Since the assessment of health risk cannot be seriously based on the animal model, the human population becomes the guinea pigs. We are daily in contact with thousands of man-made chemicals. Even for the very few “Tested on Animals”, the effects on humans are either unknown, or have been revealed by hazards in consumers. Many endocrine proliferators, pesticides massively diffused in our environment and present in our food, very reactive atmospheric pollutants, numerous additives or compounds among the 100 000 chemical products with which we are in contact, were found to be harmless in animal models, and consequently assumed to be innocuous for man, despite the lack of even the slightest reliable evidence. It should be realized that within a rodent species, lineages can sharply differ in cancer susceptibility (in mice up to a factor 100), and the caloric value of the diet can modulate tumorigenesis by a factor of ten. Hence a carcinogenic compound tested on a tumor-resistant lineage and fed on a low-fat diet will be found harmeless, wherease the same product given to a cancer-prone lineage fed on a rich diet will be found extremely carcinogenic.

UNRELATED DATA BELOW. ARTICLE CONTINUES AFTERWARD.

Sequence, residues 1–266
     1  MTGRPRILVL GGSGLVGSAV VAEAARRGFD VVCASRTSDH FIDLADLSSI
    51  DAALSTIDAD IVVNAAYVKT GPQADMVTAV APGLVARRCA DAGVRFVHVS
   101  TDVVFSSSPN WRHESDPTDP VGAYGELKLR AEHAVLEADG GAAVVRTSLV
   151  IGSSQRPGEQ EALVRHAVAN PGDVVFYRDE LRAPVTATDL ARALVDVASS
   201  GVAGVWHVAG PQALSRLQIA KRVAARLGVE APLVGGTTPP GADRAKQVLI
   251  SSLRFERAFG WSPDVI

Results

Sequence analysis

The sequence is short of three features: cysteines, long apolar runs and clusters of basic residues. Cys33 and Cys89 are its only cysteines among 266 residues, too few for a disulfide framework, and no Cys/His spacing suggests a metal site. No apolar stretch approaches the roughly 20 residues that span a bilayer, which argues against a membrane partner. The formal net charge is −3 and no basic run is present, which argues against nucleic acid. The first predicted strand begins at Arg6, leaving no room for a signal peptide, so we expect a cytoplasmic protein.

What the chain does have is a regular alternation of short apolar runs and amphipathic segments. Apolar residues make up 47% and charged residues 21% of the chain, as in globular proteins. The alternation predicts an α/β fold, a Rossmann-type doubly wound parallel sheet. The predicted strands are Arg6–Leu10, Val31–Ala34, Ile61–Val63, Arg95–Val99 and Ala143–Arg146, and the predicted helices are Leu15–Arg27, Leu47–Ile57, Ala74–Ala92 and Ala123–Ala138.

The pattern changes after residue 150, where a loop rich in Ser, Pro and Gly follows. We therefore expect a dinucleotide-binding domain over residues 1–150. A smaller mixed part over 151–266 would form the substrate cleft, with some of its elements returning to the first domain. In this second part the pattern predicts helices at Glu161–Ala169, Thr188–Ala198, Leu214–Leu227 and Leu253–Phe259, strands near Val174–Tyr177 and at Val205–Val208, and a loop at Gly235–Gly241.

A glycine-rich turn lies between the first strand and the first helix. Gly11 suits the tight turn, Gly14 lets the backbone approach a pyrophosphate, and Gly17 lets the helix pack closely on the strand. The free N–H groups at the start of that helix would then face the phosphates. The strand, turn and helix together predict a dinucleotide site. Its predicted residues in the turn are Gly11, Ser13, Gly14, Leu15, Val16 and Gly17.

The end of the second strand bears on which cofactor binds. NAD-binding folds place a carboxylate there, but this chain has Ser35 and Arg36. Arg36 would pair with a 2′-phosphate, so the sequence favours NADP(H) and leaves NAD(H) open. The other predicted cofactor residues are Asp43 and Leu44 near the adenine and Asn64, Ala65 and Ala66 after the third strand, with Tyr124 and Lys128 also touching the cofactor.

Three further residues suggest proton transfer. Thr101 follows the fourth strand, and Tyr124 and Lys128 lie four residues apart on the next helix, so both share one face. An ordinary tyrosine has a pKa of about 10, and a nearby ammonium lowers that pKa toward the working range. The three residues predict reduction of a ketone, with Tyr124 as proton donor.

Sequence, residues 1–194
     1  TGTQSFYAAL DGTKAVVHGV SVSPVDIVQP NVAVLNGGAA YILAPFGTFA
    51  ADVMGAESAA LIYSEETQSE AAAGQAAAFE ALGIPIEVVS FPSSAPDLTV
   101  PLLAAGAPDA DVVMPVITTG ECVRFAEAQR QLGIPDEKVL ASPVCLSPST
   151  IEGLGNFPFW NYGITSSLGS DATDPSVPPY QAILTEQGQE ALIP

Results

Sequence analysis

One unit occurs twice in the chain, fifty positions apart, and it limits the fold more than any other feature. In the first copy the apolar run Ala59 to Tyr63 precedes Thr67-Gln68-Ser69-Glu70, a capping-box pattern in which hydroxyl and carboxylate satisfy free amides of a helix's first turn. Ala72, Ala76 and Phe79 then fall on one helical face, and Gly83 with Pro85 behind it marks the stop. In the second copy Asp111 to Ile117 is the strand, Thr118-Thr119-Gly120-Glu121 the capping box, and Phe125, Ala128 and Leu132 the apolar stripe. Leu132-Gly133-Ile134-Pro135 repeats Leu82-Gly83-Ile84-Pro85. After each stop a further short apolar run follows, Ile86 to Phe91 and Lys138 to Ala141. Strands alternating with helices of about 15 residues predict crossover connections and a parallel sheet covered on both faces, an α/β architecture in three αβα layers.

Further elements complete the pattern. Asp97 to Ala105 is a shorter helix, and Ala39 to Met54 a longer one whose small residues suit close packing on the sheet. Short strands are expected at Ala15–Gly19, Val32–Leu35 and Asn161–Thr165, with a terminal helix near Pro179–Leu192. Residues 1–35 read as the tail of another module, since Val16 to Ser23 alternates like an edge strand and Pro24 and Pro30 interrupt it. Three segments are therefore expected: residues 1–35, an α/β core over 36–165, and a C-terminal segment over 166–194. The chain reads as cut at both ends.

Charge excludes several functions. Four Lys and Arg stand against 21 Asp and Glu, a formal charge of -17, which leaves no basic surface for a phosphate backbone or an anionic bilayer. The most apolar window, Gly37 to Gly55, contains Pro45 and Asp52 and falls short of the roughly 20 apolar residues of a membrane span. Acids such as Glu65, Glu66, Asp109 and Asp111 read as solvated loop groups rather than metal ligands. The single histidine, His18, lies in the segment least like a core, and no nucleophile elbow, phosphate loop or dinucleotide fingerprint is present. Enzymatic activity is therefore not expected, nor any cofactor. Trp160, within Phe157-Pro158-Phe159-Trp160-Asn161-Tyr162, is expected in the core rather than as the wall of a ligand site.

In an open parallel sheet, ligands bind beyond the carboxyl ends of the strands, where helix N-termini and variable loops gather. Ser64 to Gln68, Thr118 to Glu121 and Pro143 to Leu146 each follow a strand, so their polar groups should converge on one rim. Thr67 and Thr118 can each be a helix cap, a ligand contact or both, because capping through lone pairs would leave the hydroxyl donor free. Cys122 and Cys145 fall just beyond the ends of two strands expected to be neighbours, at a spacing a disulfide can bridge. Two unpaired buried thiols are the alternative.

Experts in cancer research agree that over 80% of all cancers are not linked to inherited genetic defects, but to environmental factors. Researchers from our committee have assessed the mutagenic potency of several tens of common consumer products taken from the shelves of a local supermarket. Using gene reporters induced by damage to cellular DNA, more than half of the products proved to be seriously mutagenic, an activity that had apparently gone unnoticed in the animal tests.